4,726 research outputs found

    Competition and Corporate Governance in Transition

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    This paper examines the elements of institutional development critical to the enhancement of company performance in transition economies. This includes initial conditions, forms of privatization, institutional frameworks and the competitiveness of markets. Comparing empirical evidence, this paper concludes that there is a clear distinction in effectiveness of policies followed and their impact between Central Europe and CIS countries. This divergence is attributed to fundamentally different political attitudes toward reform, the need of CIS governments to gain political support for reform and as a consequence of the desire of Central European countries to join European Union.privatization, corporate governance, competition, soft budget, transition economies

    Regulatory barriers and entry in developing economies

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    We model entry by entrepreneurs into new markets in developing economies with regulatory barriers in the form of licence fees and bureaucratic delay. Because laissez faire leads to ‘excessive’ entry, a licence fee can increase welfare by discouraging entry. However, in the presence of a licence fee, bureaucratic delay creates a strategic opportunity, which can result in both greater entry by first movers and a higher steady-state number of firms. Delay also leads to speculation, with entrepreneurs taking out licences to obtain the option of immediate entry if they later observe the industry to be profitable enough

    Entrepreneurship in transition economies: the role of institutions and generational change

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    The transition economies have lower rates of entrepreneurship than are observed in most developed and developing market economies. The difference is even more marked in the countries of the former Soviet Union than those of Central and Eastern Europe. We link these differences partly with the legacy of communist planning, which needs to be replaced with formal market-supporting institutions. But many of these developments have now taken place, yet entrepreneurial activity still remains low in many places. To analyse this longer term issue, we highlight the necessarily slow pace of development of new informal institutions and the corresponding social attitudes, notably rebuilding the generalised trust. We argue that changes are even slower in the former Soviet Union than Central and Eastern Europe because communist rule was much longer, leading to a lack of institutional memory. We posit that changes in informal institutions may be therefore delayed until after full generational change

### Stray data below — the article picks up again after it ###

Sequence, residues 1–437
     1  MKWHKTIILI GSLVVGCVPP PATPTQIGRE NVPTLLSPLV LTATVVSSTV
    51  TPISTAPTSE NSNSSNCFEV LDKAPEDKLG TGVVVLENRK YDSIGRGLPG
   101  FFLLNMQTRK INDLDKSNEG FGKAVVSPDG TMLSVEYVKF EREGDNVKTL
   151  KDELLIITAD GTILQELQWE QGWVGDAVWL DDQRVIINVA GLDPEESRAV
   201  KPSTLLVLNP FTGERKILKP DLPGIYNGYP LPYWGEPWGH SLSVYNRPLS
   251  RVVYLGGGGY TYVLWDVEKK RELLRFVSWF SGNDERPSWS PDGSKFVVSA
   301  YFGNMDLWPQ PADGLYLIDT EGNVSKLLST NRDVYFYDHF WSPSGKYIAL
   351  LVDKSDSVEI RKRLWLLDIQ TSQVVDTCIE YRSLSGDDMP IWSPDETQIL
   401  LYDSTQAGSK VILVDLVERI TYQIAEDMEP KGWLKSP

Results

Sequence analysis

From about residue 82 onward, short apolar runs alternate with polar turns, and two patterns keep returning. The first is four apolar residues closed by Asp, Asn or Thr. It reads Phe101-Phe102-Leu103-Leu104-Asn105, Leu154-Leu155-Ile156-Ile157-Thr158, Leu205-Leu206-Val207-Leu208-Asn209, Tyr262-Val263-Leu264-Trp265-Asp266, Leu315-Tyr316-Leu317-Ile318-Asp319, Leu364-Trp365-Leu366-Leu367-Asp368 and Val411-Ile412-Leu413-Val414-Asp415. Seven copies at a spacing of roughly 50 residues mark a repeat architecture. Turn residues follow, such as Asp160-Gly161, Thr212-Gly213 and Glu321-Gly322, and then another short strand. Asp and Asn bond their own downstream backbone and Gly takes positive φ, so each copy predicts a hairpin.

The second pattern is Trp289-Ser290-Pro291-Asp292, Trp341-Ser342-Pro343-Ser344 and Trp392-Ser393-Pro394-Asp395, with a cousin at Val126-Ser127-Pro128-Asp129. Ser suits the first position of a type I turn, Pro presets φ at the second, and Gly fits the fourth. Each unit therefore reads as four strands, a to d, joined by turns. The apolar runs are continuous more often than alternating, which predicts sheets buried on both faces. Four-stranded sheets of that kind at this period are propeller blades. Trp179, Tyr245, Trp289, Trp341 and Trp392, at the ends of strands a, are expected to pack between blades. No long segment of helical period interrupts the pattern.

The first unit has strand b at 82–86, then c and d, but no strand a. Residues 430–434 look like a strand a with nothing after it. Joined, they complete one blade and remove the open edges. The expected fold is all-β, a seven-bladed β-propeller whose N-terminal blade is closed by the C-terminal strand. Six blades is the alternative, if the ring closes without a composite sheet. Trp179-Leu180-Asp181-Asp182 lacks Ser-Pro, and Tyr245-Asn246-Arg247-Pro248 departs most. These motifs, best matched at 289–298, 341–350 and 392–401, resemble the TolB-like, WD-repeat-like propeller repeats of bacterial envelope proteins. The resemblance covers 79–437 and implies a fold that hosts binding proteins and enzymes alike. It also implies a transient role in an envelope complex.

The Determinants of Foreign Direct Investment in Transition Economies

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    Using a panel dataset containing information on FDI flows from market to transition economies, we establish the determinants of FDI inflows to Central and Eastern Europe: country risk, unit labour costs, host market size and gravity factors. In turn, we find country risk to be influenced by private sector development, industrial development, the government balance, reserves and corruption. By introducing structural shift dummy variables for key announcements of progress in EU accession we show that announcements have impacted directly upon FDI receipts but have not influenced country credit ratings. The Agenda 2000 announcement by the European Commission induced a bifurcation between the 'first wave' transition countries and the remainder of our sample. The underlying dynamics of the process illustrate that increases in FDI improve country credit ratings with a lag, hence increasing future FDI receipts. Consequently we suggest that the accession progress has the potential to induce virtuous cycles for the frontrunners but may have serious consequences for the accession laggards.http://deepblue.lib.umich.edu/bitstream/2027.42/39726/3/wp342.pd